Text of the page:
All Things Considered for October 13, 2021 Hear the All Things Considered program for October 13, 2021

All Things Considered

Restaurant food and packaged foods are often high in salt to make them more palatable. The Food and Drug Administration wants to see the food industry gradually reduce sodium levels in these foods. Eric Savage/Getty Images hide caption

toggle caption
Eric Savage/Getty Images

Shots - Health News

Eating too much salt is making Americans sick. Even a 12% reduction can save lives

The FDA has issued new targets to reduce the amount of salt that manufacturers put in their foods. It could prevent thousands of cases of cardiovascular disease.

Restaurant food and packaged foods are often high in salt to make them more palatable. The Food and Drug Administration wants to see the food industry gradually reduce sodium levels in these foods. Eric Savage/Getty Images hide caption

toggle caption
Eric Savage/Getty Images

Eating too much salt is making Americans sick. Even a 12% reduction can save lives

  • Download
  • <iframe src="https://www.npr.org/player/embed/1045651839/1045747034" width="100%" height="290" frameborder="0" scrolling="no" title="NPR embedded audio player">
  • Transcript

A study by the National Institutes of Health this week suggests people who got the J&J vaccine as their initial vaccination against the coronavirus may get their best protection from choosing an mRNA vaccine as the booster. Francine Orr/Los Angeles Times/Getty Images hide caption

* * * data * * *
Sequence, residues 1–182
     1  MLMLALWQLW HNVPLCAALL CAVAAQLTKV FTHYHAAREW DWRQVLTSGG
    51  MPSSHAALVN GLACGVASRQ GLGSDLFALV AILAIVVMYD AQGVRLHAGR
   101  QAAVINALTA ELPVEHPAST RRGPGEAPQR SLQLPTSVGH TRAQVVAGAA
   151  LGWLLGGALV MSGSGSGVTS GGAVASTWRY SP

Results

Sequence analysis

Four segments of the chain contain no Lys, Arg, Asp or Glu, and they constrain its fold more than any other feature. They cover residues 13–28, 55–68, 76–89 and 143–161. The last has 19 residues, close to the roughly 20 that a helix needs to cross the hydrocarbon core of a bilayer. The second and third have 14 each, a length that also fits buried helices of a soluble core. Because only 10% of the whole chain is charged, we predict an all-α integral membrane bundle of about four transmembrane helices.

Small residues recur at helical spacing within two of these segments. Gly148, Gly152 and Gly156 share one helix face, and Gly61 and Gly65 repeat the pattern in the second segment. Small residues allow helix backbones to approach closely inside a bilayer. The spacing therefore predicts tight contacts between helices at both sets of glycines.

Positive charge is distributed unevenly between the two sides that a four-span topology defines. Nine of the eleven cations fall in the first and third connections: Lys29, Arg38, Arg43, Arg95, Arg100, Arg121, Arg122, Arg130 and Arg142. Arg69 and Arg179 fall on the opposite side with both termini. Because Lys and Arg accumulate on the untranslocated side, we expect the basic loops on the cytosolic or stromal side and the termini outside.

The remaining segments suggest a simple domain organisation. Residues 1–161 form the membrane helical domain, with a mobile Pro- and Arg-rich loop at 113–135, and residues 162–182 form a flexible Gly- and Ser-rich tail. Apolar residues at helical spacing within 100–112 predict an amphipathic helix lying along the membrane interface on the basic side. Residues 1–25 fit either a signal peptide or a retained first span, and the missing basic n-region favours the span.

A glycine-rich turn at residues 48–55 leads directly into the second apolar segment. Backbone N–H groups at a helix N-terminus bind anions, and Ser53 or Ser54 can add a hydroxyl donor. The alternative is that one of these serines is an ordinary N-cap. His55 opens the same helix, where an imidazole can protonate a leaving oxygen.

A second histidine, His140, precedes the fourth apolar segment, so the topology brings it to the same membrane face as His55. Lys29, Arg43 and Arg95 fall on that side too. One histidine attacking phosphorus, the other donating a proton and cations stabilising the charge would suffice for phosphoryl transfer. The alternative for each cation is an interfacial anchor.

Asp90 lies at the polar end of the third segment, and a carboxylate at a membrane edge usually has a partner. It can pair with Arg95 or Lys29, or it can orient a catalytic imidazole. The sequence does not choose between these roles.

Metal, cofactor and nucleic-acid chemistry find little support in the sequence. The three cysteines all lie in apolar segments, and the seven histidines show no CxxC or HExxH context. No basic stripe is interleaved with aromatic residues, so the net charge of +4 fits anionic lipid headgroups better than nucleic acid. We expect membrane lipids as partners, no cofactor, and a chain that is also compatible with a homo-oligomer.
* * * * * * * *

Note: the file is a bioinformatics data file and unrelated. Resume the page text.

toggle caption
Francine Orr/Los Angeles Times/Getty Images

A study of COVID vaccine boosters suggests Moderna or Pfizer works best

  • Download
  • <iframe src="https://www.npr.org/player/embed/1045485935/1045747534" width="100%" height="290" frameborder="0" scrolling="no" title="NPR embedded audio player">
  • Transcript

Demonstrators march during a protest against Asian hate in Times Square in New York in March after a troubling spike in violence against the Asian American community during the coronavirus pandemic. Michael Nagle/Xinhua News Agency/Getty Images hide caption

toggle caption
Michael Nagle/Xinhua News Agency/Getty Images

With racial attacks on the rise, Asian Americans fear for their safety

  • Download
  • <iframe src="https://www.npr.org/player/embed/1045746655/1045746656" width="100%" height="290" frameborder="0" scrolling="no" title="NPR embedded audio player">
  • Transcript

The National Museum of African American Music, in Nashville. NMAAM/353 Media Group hide caption

toggle caption
NMAAM/353 Media Group

A new museum in Nashville centers the artistry of Black musicians

  • Download
  • <iframe src="https://www.npr.org/player/embed/1016619682/1045746703" width="100%" height="290" frameborder="0" scrolling="no" title="NPR embedded audio player">
  • Transcript

Searching for a song you heard between stories? We've retired music buttons on these pages. Learn more here.

All Things Considered